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The Daily Wildcat

The Daily Wildcat


    OPINION: What are we trying to accomplish with cancel culture?

    Courtesy via Instagram @abbymjame

    Recently, actress Gina Rodriguez posted a video via her Instagram story singing along to the song “Ready or Not” by the Fugees, in which she said the n-word without hesitation. In disgust, I showed the video to my friend and explained her history of anti-blackness, to which he replied: “Why do we expend so much energy into some nobody when people are literally in cages?”

    My counter was that everybody likes to partake in celebrity gossip and that celebrities should be more responsible with how they use their platforms.

    As a response, he offered this hypothetical: “Imagine if every second we spent getting upset because some celebrity was problematic [we instead] spent time calling our state representatives, etc. instead of convincing ourselves [that this is] doing the right thing?”

    Although I do respect his argument and recognize that there is a lot of misplaced energy put into certain instances of “canceling,” I do think that there’s a particular level of accountability that those who contribute to “cancellation” are rightfully aiming to accomplish. You can’t call your state representatives to tattle on famous people, even when they’re perpetuating negative stigmas or acting inappropriately. However, when individuals make personal stands against public ill will, it sets a precedent for social decorum that extends into the political sphere. Pop culture and politics are in correlation with one another — social issues are political issues and vice versa.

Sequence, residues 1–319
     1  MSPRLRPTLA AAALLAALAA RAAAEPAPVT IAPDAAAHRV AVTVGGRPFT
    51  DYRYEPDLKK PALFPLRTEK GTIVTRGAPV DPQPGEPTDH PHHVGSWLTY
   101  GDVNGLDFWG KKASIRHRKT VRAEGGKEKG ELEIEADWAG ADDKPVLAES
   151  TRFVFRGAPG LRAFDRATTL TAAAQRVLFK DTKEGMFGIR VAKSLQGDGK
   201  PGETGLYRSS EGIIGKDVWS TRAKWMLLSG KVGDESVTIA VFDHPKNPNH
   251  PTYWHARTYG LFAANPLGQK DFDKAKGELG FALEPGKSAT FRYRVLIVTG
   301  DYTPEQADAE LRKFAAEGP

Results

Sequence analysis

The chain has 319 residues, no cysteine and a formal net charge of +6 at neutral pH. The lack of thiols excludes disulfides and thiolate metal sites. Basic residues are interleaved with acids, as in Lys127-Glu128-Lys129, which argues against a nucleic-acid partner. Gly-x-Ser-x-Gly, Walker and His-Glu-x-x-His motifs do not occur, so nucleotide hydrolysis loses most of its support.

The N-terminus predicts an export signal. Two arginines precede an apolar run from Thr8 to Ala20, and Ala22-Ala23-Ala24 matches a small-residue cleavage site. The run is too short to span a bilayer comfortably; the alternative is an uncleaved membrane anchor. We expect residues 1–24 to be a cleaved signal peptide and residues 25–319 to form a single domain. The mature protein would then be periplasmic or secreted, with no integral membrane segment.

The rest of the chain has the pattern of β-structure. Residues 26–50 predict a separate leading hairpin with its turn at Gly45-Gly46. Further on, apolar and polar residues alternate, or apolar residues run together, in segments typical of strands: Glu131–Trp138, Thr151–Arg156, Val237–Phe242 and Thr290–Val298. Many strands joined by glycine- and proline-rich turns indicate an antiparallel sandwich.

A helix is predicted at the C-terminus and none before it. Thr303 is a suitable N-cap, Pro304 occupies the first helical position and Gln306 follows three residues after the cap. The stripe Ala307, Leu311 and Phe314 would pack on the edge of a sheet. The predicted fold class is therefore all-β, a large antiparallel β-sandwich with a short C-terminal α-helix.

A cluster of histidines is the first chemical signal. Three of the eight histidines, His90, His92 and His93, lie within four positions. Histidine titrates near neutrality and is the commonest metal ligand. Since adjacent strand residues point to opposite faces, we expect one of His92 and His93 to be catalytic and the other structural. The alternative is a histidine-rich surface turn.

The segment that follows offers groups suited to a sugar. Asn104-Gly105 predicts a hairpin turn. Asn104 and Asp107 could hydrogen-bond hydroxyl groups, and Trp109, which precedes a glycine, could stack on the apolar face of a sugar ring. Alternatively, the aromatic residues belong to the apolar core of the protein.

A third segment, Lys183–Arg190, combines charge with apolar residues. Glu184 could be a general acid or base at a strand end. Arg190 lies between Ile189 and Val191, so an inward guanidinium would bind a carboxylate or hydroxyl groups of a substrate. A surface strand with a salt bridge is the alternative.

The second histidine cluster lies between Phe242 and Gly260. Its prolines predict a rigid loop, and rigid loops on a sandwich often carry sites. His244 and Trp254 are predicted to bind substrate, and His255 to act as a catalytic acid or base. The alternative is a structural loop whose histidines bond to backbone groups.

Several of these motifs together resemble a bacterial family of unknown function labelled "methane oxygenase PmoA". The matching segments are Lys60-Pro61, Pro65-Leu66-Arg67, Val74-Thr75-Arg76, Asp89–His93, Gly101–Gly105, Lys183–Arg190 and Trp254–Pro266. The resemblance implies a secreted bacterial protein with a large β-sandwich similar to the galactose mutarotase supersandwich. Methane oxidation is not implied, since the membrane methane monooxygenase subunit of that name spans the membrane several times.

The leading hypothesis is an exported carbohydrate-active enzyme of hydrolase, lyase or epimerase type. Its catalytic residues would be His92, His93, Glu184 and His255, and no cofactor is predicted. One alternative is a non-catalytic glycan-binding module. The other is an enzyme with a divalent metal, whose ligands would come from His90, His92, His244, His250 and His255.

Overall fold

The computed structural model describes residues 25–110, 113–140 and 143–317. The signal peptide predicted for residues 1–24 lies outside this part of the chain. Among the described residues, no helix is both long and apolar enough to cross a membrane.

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    “Canceling” can be described as personal boycotting, generally until change (usually in the form of a genuine apology and/or redeeming post-cancel behavior) happens. Otherwise, problematic behavior can lead to a complete lack of acknowledgement to anything said celebrity may do from that point on. The sum of every individual also carrying out a personal protest equates to a mass of non-supporters, resulting in a negative impact to said famous person’s career and reputation.

    Some argue that a single/minimal number of mistakes should not compromise someone’s career or image. But when those whose careers are almost entirely dependent on the size of their platform and ubiquity of their name, why is it too much to ask for them to also be decent human beings? Being a celebrity is an integral facet to the careers of mainstream creators, and with it comes a level of responsibility they are nowadays expected to abide by.

    Arguments against cancel culture are rooted in a few central concepts. One of these is the theory that since humans are a fundamentally flawed species and everyone has their own tally of toxicities, then eventually everyone would get “canceled”. Also, the question of a cancel-cutoff comes into play. How can we properly determine what is a redeemable mistake and what is a blatant display of discrimination and/or disregard?

    Here’s the thing: Marginalized communities are constantly being put on blast for aspects of their existence. When celebrities use their platform to perpetuate that demonization, they can’t be surprised when said communities call them out and demand accountability.